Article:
These bridges aren't necessarily in poor condition, but they're vulnerable. Even a three-legged stool in good condition will fall if one leg is broken.
Yet msnbc.com found 622 fracture-critical bridges in the National Bridge Inventory that are on schedules for delayed inspection.
After the Minneapolis collapse, the phrase "fracture critical" was heard so often that the public may have assumed that states rushed to inspect all their fracture-critical bridges. But most states did not, and federal officials didn't require it.
In the survey of state transportation departments by msnbc.com, only the District of Columbia and six states — Minnesota, North Carolina, Oklahoma, Rhode Island, South Carolina and Utah — said they were re-inspecting every fracture-critical bridge after the disaster.
The rest of the states re-inspected only the few hundred bridges of the design used in Minneapolis, the continuous steel deck truss, as was recommended (but not required) by the Federal Highway Administration.
Federal regulations already required fracture-critical bridges to receive a special hands-on inspection every two years, with no exemptions allowed. That's in addition to their routine inspections. This was a federal guideline until January 2005, when it became a regulation, which has the legal force of law.
But the National Bridge Inventory from 2006 shows that 1,513 fracture-critical bridges went longer than two years between special inspections. In other words, 8 percent of the 18,566 fracture-critical bridges in the nation were reported as missing their two-year checkup.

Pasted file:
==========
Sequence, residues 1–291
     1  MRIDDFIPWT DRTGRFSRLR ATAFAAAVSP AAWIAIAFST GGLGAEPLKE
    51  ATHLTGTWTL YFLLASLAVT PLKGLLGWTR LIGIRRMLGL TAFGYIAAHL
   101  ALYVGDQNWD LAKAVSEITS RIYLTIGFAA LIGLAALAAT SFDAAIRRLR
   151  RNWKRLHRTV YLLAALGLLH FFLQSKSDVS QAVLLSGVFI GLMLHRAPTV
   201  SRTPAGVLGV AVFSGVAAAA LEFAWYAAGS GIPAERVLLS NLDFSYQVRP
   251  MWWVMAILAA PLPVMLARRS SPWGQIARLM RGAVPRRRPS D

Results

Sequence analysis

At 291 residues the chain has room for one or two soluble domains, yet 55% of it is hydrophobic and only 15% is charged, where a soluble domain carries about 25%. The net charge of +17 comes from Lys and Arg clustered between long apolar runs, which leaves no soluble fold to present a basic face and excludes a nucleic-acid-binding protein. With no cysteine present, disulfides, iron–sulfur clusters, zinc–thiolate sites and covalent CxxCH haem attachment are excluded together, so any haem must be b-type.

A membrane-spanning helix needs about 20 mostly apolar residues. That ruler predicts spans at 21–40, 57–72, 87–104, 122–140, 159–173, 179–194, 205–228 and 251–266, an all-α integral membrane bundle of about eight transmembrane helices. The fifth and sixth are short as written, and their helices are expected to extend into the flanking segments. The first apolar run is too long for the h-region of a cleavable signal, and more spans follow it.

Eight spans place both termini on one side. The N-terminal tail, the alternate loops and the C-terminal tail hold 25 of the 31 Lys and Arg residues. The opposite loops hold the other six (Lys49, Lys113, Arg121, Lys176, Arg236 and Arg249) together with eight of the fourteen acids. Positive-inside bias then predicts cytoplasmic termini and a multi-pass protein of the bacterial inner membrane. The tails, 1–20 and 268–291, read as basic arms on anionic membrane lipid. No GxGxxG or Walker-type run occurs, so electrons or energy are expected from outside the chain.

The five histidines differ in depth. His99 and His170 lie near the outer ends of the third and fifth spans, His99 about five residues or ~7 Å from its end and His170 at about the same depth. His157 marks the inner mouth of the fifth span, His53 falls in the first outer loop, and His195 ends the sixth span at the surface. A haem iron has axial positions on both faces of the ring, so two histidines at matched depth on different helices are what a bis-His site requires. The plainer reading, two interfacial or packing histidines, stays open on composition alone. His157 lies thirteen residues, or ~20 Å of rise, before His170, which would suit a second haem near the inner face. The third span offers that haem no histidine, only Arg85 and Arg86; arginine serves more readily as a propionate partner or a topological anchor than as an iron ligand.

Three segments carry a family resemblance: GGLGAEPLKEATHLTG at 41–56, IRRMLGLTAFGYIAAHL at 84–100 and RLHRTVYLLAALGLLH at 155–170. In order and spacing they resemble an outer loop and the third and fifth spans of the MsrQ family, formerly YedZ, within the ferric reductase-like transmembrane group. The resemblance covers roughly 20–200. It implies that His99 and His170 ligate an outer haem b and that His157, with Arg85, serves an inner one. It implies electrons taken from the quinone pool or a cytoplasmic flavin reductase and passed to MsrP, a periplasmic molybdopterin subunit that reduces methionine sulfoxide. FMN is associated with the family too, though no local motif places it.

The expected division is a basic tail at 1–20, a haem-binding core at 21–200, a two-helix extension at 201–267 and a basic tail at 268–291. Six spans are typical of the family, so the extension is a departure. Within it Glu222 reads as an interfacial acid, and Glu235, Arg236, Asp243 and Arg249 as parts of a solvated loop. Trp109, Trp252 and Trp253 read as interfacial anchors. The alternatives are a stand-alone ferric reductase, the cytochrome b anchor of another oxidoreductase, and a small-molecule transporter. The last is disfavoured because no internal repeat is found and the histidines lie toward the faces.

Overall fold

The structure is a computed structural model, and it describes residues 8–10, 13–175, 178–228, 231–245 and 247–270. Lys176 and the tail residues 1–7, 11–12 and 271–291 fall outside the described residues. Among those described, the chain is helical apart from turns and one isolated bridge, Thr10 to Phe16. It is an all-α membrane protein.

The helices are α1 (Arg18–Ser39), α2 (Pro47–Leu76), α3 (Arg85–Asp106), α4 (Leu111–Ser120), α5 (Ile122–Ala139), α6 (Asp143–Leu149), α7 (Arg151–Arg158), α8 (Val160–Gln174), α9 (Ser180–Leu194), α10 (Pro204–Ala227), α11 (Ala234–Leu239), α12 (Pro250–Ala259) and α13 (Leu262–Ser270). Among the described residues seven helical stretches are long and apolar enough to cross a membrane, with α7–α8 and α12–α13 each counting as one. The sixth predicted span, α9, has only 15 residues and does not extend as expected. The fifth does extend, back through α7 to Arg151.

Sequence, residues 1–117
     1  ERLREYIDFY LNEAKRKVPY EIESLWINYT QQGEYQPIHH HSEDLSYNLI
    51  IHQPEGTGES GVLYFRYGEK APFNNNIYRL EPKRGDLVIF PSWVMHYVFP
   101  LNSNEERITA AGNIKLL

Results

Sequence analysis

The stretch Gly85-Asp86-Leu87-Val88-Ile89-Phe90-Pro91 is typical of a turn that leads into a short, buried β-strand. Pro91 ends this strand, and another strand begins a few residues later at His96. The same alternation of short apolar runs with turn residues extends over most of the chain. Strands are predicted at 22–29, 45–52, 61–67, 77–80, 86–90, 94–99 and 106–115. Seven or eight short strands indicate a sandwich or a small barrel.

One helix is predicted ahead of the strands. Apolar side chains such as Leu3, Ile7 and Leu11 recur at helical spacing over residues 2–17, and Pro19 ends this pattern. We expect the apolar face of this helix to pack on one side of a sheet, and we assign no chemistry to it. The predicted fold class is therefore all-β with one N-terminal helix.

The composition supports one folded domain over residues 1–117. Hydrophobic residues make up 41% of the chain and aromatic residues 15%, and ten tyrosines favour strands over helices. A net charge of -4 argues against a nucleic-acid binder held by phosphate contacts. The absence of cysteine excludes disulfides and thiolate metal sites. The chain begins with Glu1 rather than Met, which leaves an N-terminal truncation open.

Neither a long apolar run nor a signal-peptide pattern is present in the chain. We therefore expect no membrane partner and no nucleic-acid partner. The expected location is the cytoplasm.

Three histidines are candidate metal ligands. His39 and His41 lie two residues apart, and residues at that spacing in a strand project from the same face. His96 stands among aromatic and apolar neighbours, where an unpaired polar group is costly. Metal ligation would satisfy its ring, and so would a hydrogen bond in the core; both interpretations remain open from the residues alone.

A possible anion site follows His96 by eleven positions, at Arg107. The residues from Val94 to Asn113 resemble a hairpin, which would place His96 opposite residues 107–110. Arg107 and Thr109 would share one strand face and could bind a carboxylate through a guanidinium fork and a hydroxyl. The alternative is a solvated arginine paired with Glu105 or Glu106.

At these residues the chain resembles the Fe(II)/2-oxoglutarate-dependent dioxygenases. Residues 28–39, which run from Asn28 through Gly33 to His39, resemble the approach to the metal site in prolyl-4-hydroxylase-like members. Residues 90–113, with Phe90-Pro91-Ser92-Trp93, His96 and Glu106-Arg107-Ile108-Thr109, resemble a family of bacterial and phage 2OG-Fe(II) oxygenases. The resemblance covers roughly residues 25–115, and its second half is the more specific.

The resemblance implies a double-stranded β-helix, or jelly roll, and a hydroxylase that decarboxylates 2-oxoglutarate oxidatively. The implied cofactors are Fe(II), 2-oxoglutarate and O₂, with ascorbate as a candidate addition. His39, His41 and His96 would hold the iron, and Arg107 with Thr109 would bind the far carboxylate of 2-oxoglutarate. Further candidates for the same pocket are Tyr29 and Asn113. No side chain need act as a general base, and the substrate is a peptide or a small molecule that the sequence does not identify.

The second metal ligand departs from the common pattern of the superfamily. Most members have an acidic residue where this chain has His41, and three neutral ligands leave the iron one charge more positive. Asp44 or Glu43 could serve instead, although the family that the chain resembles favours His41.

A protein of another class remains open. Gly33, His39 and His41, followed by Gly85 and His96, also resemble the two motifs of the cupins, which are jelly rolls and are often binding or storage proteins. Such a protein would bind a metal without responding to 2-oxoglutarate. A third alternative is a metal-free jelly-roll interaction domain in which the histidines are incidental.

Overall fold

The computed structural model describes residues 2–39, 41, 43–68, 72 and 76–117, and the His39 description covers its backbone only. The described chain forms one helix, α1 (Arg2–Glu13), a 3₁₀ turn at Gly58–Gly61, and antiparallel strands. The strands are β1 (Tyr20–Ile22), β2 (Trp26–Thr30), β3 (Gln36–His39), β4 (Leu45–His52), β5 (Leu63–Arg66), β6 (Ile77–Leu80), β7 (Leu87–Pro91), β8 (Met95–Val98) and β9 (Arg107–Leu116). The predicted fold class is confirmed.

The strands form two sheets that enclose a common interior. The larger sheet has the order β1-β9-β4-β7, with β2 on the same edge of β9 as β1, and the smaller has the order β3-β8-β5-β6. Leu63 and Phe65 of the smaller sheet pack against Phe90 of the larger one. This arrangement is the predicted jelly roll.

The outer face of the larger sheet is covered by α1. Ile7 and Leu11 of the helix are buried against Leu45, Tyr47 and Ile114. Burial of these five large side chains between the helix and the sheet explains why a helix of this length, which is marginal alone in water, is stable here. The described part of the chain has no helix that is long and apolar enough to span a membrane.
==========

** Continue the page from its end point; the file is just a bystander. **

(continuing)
Again, several states said that a difficult transition to the Pontis software could be to blame, making fracture-critical bridges appear to be overdue when they were inspected on time.
As the records were submitted, the worst on-time rates of completing the special fracture-critical inspections within two years were in Utah (at least 60 percent past due), Alaska (45 percent), Delaware (38 percent), Maine (34 percent), Colorado (27 percent), California (23 percent), New Hampshire (22 percent) and Texas (21 percent). In addition, 10 percent of federally owned fracture-critical bridges were delinquent.
Federal agencies have many overdue
Federal agencies are among the least-attentive owners of bridges, with 2,940 bridges reported as not receiving a routine inspection within two years. That's 35 percent of 8,332 federal bridges. Only two states— Hawaii and Rhode Island— have worse compliance records.
For example, while Virginia's Department of Transportation has a spotless record of inspecting bridges on time, it can't control the federal bridges within the state, including several on the Blue Ridge Parkway, which the National Park Service reported as being overdue for inspection.
The Federal Highway Administration has little power to persuade other federal agencies to act, the federal official said. Threatening to withhold money wouldn't work, he said, because hardly any federal agencies receive federal highway funds.
The worst record was at the Forest Service, which owns the most federal bridges: 54 percent of its bridges went past two years. The Bureau of Indian Affairs reported 46 percent exceeding the two-year standard. This is surprising, the federal highway official said, because the BIA is the only federal agency that receives highway money.